Frank Pantridge

Japanese Prisoner of War and Inventor of the Portable Defibrillator

Cecil Lowry

Countless thousands of men and women around the world have good reason to be thankful that Frank Partridge survived three and a half years of brutal Japanese captivity. Had he not, they too probability would have died too.

This stirring biography reveals the full story of a remarkable man who survived against the odds to save countless lives.
Date Published :
December 2020
Publisher :
Pen and Sword
Illustration :
16 black and white illustrations
Format Available    QuantityPrice
Binding : Hardback
ISBN : 9781526777331

Dimensions : 9.25 X 6 inches
Stock Status : Not Yet Published. Available for Pre-OrderPages : 176
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$39.95
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Overview
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Countless thousands of men and women around the world have good reason to be thankful that Frank Partridge survived three and a half years of brutal Japanese captivity. Had he not, they too would in all probability have died too.

Taken prisoner at the fall of Singapore in February 1942, Frank was forced to endure appalling deprivation. Conditions on the Burma railway were notorious and the death rate was horrendous.

On returning to Belfast in late 1945 Frank specialized in heart diseases. Convinced that the prompt application of electric shock after cardiac arrest could save lives he reasoned that ventricular defibrillation should be applied not just in hospitals but in the workplace, the home, the street or ambulance.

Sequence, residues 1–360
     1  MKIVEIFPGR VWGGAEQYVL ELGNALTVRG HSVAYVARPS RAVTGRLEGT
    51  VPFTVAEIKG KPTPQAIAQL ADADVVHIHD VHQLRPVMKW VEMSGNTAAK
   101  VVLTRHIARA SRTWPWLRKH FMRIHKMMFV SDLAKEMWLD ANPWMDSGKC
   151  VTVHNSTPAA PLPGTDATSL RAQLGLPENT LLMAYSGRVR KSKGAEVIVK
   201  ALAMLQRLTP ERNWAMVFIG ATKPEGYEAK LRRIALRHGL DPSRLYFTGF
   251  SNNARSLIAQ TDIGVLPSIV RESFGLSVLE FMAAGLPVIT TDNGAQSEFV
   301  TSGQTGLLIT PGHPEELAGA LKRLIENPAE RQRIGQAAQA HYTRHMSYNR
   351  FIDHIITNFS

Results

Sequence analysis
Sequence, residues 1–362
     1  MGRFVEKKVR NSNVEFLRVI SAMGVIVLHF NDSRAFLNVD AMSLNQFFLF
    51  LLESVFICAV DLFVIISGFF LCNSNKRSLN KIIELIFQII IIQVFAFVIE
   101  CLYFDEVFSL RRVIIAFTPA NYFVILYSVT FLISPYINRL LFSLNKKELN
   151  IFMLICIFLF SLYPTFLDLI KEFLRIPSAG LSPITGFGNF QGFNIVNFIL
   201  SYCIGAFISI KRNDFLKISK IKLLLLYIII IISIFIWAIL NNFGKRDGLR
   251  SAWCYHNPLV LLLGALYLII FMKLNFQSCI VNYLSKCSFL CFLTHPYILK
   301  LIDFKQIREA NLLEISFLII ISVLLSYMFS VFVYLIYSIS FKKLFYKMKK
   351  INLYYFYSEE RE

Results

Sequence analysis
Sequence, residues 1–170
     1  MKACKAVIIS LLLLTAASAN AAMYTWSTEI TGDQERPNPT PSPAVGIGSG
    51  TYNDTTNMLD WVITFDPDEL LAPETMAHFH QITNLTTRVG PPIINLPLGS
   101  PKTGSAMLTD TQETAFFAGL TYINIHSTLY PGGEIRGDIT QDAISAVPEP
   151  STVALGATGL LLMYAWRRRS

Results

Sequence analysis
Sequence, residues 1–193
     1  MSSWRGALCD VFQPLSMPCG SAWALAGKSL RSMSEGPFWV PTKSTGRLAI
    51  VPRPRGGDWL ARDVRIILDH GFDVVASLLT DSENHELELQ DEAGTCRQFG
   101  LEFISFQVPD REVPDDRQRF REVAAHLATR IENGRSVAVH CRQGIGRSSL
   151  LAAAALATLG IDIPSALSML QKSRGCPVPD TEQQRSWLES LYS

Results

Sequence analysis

His first ‘portable’ defibrillator was produced in 1965 and over the intervening years evolved into the compact units so prevalent today. The importance of Partridge’s invention was well demonstrated when US President Lyndon B Johnston’s life was saved in 1972.

This stirring biography reveals the full story of a remarkable man who survived against the odds to save countless lives.

About The Author
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Born in Northern Ireland two and a half years after the end of the war with Japan, Cecil Lowry is the son of Hugh Lowry, who was a private in the East Surrey Regiment and a Far East Prisoner of war from February 1942 until August 1945.

Cecil spent his career in Sports management before retiring from his post as Assistant Director of Sport at the University of Manchester in 2002 to concentrate on writing. This is his third book, following successes with No Mercy from the Japanese, A Survivor’s account of the Thai/Burma Railway and the Hellships in 2008 and Two Years of Tenko, Life as a 16 year old in a Japanese Prisoner of War Camp in 2015.

Cecil lives in Stockport and has two sons and two grandchildren. His two grandchildren are unique in that they have two great grandfathers who were Far East Prisoners of War.

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